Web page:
The collection will tour the US and Italy before returning to the Netherlands next year.
Visitor numbers at the Louvre, which has topped the annual list of most popular venues since it began in 2007, were boosted by the museum’s new wing of Islamic art.
While the position of the top 10 venues showed little change on the previous year, British museums had an “excellent” 2012 according to the survey, boosted by increased visitors to London for the summer Olympics.
Tate Modern, which attracted a large number visitors thanks to a Damien Hirst retrospective and the Tanks installation, moved up a place to fourth on the list with 5.3 million visitors – up from 4.8 million in 2011.
It pushed the National Gallery down to fifth place.
Alex Beard, deputy director at the Tate said its versatile offering helped bring more people to gallery.
“It has been an extraordinary year at Tate Modern, opening the world’s first museum galleries permanently dedicated to exhibiting live art, performance, installation and film works alongside an outstanding exhibition programme which has undoubtedly fuelled the increase in visitors,” he said.
Surprisingly, none of the 20 most popular exhibitions were held at any of the top five most visited galleries.
Tokyo featured a second time on the list with an exhibition of European art at the National Museum.
While Rio’s Centro Cultural Banco do Brasil appeared three times with The Amazon: Cycles of Modernity in second place with 7,928 daily visitors, Antony Gormley’s Still Being, at seven with 6,909 daily visitors and India at 11 with 6,347 daily visitors.
An exhibition of 19th Century Italian paintings at the State Hermitage Museum in St Petersburg was the third most-visited show with 7,747 visitors a day.
And in London, David Hockney’s A Bigger Picture – which featured large-scale works on canvas and an iPad – attracted 7,512 daily visitors to the Royal Academy of Arts to become the fifth most-visited.
Due to its popularity, the gallery extended its opening hours for the show’s final week, opening until midnight on weekdays.
Meanwhile, in the Art Newspaper’s list of top 10 London venues, Leonardo at the National Gallery was the highest ranking show to feature pre-20th Century works, with 3,985 visitors a day.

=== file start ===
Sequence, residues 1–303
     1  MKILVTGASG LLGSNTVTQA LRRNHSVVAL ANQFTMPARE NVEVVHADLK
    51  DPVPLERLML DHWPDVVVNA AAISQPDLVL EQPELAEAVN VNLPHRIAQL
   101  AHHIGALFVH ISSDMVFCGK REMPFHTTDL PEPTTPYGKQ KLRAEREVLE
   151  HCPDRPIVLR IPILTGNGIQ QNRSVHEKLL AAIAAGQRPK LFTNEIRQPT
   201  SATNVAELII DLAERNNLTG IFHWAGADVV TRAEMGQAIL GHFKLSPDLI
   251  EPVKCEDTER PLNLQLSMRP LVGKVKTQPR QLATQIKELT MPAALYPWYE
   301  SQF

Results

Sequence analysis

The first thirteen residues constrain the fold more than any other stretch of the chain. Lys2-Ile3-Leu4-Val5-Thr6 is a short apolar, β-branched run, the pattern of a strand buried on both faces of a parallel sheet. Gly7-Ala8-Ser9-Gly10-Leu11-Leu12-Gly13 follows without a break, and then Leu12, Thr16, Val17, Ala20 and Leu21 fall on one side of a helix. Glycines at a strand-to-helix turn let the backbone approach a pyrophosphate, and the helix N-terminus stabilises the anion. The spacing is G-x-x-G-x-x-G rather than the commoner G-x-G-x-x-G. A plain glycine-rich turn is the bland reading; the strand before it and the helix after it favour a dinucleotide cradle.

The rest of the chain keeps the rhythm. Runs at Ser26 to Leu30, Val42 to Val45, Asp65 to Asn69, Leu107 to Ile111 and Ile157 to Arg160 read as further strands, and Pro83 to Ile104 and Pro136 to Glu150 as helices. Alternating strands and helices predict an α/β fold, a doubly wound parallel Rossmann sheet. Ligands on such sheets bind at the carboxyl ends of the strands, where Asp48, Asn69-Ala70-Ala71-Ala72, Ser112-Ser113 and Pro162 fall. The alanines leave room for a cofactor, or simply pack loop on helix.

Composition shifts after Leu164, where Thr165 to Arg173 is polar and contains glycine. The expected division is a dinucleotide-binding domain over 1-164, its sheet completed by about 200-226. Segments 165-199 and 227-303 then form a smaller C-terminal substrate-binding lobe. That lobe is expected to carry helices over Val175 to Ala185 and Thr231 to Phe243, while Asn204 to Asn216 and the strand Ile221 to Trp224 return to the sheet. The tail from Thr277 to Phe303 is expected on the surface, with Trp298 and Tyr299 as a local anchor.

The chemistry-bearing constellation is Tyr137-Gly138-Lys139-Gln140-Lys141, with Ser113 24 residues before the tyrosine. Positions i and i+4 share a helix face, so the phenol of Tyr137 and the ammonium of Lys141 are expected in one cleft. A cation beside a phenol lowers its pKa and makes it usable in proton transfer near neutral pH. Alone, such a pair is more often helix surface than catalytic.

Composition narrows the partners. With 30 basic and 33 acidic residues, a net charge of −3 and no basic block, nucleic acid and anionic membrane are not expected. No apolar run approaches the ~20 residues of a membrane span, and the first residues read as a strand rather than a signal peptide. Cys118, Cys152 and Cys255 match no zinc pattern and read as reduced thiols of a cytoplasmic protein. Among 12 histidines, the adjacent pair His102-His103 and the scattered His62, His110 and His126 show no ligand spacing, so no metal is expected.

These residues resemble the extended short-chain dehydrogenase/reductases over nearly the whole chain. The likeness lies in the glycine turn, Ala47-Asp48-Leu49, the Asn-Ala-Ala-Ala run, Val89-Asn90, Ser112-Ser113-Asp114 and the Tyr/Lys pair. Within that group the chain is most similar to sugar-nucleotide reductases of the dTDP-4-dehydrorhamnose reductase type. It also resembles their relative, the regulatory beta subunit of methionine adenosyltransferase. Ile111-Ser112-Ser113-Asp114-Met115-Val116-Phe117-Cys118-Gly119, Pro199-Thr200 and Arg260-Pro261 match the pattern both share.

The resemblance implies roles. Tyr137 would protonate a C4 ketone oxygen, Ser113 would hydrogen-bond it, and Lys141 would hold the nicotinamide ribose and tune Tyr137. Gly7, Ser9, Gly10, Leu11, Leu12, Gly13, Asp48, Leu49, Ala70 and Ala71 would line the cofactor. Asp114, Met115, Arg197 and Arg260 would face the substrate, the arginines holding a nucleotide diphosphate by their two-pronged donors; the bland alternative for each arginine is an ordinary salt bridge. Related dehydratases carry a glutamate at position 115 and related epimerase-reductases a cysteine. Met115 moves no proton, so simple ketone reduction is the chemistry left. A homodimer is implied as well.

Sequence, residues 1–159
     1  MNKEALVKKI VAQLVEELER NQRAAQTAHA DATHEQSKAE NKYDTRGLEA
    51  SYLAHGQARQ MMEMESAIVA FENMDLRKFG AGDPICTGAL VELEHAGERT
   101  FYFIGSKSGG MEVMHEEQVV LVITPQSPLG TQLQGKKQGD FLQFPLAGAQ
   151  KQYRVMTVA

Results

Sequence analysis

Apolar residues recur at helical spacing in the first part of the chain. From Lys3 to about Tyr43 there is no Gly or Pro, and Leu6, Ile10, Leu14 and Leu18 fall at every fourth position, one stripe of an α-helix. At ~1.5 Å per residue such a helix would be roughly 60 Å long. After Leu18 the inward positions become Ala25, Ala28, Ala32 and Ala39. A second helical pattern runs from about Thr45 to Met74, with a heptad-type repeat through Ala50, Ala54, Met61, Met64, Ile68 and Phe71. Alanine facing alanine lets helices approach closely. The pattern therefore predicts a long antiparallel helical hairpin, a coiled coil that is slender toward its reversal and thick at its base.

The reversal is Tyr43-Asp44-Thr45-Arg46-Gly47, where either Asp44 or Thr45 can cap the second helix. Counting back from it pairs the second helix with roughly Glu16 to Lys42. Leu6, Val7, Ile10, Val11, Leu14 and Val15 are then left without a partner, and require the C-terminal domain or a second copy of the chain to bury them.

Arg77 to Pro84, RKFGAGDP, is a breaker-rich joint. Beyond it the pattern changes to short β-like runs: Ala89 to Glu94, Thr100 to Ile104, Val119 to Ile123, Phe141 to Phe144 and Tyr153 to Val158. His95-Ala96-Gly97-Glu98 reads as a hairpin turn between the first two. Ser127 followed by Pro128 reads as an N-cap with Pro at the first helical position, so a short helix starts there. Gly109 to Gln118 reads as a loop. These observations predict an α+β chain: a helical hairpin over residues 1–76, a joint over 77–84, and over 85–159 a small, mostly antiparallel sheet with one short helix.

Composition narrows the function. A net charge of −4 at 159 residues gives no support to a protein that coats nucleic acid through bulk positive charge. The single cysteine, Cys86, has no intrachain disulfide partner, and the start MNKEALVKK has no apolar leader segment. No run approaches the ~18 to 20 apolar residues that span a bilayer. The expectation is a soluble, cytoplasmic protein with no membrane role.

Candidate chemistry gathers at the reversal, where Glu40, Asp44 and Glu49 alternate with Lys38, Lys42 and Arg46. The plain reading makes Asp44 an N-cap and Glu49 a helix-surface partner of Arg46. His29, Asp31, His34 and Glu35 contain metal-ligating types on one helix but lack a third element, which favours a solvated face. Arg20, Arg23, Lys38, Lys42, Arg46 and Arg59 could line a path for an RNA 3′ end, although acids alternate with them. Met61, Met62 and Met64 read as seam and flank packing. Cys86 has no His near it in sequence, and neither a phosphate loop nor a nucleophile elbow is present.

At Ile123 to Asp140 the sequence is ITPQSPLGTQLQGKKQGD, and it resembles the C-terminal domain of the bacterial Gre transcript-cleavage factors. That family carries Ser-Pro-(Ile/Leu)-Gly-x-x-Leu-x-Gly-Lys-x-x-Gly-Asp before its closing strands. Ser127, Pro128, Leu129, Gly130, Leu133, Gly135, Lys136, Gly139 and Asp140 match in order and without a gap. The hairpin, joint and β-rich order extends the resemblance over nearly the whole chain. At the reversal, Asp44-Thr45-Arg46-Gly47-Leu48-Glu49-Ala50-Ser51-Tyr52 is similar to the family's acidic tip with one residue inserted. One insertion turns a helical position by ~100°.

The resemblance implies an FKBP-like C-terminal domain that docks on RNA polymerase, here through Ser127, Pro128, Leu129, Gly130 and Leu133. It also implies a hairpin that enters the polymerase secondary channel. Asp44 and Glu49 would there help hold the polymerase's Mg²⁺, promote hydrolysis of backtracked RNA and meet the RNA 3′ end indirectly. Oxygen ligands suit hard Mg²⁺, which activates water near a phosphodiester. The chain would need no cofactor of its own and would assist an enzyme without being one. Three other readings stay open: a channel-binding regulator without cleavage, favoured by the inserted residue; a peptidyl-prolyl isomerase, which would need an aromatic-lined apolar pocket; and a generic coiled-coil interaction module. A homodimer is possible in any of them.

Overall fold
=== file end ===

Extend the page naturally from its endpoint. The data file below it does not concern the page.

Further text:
London gallery Tate Modern bought Chinese artist Ai Weiwei’s “sunflower seeds”, a work made up of 10 tons of porcelain seed replicas.
Tate Modern has acquired around eight million of the 100 million porcelain reproductions.
They make up just under 10% of the original work, commissioned for the Tate’s 2010’s Unilever Series.
It saw 100 million seeds spread over the floor of the gallery’s vast Turbine Hall.
Shortly afterwards it was cordoned off over health and safety fears because of ceramic dust. The gallery initially had plans for visitors to be able to walk on the seeds.
London gallery Tate Modern bought Chinese artist Ai Weiwei's "sunflower seeds", a work made up of 10 tons of porcelain seed replicas
The work was on display at Tate Modern from June 2011 to February 2012.
Each porcelain seed had been individually handcrafted by skilled artisans in the city of Jingdezhen, which is famed for its production of Chinese Imperial porcelain.
The work has been purchased for an undisclosed figure with assistance from the Tate International Council, the Art Fund, and private donations.
It’s thought the remaining seeds will go back to the artist.
As well as being a popular Chinese street snack, sunflower seeds have a political meaning for the Chinese artist.
During the Cultural Revolution, propaganda images showed Chairman Mao as the sun and the mass of people as sunflowers turning towards him.
Chinese dissident Ai Weiwei was recently named as the most powerful person in the art world.
The announcement came after he spent more than two months in detention.
Ai Weiwei’s arrest in April 2011, as he boarded a Beijing flight bound for Hong Kong, prompted a global campaign for his release.